Ever since Fortnite became a cultural phenomenon, many gamers have been asking Epic Games to add special dances and other forms of expression to the experience. While the company has obliged, it seems like certain moves are the property of certain celebrities. Who knew you could launch lawsuits over dance moves?
Two of the most popular emotes in Fortnite are "The Carlton" and "Floss" dance. If you've seen The Fresh Prince of Bel-Air, you may remember Alfonso Ribeiro's iconic moves. Floss is a little more obscure as it was initially performed by Instagram's Russell Horning.
The creators of The Carlton and Floss are currently involved in a legal battle with Epic Games over the use of their dances in Fortnite. While it's unclear how far these lawsuits will go, it seems like one company was sufficiently scared. According to a report by Kotaku, yesterday's Forza Horizon 4 update removed both dances from the game.
It's unclear why Microsoft took this step as we haven't heard anything about a lawsuit directed at the company. However, it may have recieved a cease and desist notice. Additionally, Microsoft may have preemptively removed the dances in order to avoid the lawsuits Epic Games is facing. Kotaku wouldn't manage to get a concrete response from the company when the outlet reached out.
We'll keep you posted as soon as we know how these lawsuits are decided. In many situations, the two parties decide to settle out of court as it beats paying legions of lawyers for months. What do you think about this? Should dance moves be protected like this? Let us know.
Asher Madan handles gaming news for Windows Central. Before joining Windows Central in 2017, Asher worked for a number of different gaming outlets. He has a background in medical science and is passionate about all forms of entertainment, cooking, and antiquing.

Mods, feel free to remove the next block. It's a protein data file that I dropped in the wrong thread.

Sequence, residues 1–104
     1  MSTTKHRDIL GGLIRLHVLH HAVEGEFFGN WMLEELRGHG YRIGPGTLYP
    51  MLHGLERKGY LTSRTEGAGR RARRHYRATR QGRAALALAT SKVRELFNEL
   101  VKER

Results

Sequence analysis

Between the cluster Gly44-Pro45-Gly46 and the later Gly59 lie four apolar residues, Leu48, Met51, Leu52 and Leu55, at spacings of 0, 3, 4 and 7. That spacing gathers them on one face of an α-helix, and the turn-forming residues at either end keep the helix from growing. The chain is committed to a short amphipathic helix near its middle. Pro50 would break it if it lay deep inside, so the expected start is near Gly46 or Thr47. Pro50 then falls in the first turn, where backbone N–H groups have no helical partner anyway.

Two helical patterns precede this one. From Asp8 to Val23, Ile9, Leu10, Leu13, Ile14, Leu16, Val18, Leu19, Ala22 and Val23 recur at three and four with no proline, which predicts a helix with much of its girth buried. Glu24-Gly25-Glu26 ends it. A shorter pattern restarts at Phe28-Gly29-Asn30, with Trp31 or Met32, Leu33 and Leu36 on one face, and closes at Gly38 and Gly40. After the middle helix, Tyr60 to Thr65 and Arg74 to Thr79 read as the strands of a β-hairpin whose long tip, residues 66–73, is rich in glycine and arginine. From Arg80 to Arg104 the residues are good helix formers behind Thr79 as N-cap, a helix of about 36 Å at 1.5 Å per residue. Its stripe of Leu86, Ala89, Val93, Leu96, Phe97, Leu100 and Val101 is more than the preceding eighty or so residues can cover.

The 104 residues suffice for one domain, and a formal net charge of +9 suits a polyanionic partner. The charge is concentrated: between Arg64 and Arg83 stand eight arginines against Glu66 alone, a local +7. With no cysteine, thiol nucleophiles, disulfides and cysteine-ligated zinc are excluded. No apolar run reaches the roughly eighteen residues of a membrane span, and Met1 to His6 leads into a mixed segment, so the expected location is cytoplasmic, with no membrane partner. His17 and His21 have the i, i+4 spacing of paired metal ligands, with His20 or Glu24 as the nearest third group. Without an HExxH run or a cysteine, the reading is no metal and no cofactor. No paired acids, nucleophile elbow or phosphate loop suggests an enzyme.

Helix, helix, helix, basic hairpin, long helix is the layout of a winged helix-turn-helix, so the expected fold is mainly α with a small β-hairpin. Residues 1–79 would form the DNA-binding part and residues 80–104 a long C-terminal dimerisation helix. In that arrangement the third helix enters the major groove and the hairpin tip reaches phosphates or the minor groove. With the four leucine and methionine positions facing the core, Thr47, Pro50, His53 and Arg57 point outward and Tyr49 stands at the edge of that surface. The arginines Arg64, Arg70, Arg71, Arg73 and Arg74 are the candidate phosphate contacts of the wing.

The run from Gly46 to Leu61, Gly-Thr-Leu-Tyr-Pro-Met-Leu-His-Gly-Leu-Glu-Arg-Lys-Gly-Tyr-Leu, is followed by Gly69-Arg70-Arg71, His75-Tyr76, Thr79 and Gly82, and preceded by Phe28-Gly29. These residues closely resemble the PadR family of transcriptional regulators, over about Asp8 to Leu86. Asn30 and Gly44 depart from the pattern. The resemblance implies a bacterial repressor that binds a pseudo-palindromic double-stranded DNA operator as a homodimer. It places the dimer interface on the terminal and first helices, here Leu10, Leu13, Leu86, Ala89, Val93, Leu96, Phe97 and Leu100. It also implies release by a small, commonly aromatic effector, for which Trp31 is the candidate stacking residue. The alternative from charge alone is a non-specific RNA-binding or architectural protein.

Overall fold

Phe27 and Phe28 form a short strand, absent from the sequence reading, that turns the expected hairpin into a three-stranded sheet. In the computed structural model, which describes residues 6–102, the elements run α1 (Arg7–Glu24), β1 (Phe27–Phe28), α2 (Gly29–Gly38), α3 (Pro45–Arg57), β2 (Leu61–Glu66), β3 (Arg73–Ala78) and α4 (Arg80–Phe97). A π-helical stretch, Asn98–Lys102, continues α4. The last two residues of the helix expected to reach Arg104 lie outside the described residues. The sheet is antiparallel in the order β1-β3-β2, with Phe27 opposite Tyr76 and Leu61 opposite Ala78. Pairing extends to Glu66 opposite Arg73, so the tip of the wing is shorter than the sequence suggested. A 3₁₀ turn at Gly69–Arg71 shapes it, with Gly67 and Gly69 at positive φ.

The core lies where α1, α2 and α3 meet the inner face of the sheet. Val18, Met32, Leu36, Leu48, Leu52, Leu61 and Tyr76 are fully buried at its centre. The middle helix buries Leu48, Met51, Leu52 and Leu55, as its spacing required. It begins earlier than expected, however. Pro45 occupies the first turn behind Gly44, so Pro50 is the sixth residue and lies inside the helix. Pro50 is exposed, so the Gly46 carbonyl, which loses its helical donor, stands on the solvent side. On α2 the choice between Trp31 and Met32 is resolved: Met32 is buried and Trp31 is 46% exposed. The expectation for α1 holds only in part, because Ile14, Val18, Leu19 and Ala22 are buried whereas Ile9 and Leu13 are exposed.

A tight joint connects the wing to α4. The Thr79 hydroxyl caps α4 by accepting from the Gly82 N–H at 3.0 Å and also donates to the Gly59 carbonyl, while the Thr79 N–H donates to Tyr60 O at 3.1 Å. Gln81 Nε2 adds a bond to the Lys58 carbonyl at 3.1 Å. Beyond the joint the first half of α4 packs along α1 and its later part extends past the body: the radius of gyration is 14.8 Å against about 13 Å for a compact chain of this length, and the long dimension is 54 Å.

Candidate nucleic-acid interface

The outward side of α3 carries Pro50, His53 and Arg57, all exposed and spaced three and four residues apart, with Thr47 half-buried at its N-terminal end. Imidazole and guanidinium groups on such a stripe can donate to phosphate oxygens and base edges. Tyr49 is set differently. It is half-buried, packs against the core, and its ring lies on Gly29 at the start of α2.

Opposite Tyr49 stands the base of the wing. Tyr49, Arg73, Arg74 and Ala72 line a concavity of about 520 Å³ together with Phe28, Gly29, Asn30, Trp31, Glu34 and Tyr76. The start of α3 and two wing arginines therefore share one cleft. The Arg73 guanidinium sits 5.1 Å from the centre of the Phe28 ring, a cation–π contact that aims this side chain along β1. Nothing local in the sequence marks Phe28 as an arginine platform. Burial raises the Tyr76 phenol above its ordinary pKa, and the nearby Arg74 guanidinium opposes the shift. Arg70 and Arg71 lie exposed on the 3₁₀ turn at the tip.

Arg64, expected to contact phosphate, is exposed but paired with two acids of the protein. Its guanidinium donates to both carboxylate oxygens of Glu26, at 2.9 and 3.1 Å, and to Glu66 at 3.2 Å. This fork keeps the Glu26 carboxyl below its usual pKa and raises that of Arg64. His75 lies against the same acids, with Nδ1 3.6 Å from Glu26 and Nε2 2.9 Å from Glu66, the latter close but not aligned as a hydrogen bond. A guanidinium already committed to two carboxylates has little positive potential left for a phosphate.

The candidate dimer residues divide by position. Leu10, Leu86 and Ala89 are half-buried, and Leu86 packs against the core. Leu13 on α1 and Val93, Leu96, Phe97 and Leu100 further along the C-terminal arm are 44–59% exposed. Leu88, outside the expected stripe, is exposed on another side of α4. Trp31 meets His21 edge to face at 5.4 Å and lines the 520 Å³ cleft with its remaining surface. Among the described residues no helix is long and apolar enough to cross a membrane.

Dance moves, understood as creations of people or performers, should indeed be protected. Fortnite, like other games, is using them for free in a product through which they make money. Tons of money in the case of Epic Games. So I think the claim is fair. And I hope the rest of the dance creators or copyright holders do the same.
I personally don't think short dance moves should be protected. I agree with the current interpretation where an entire production taken as a whole is subject to copyright, but with all the viral videos, line dancing, and general public imitation of short dances copyright doesn't make sense. Would Michael Jackson have a claim on "moonwalking"? Could a movie like Saturday Night Fever or Breakin' ever be made when many of the dances are already popular? Taken to further mediums, would someone saying Flavor Flav's tagline of "Yeah, boyeee" be a compensable offense? Should Netflix be suing everyone doing the "Birdbox challenge"? I think it is stupid for people to pay money for emotes like this in a game, but I also think there needs to be a line drawn where short sayings, dances, etc. are not creative enough to justify copyright protection.
Dance moves in Forza?!?
Why are there dance moves in a car game in the first place?
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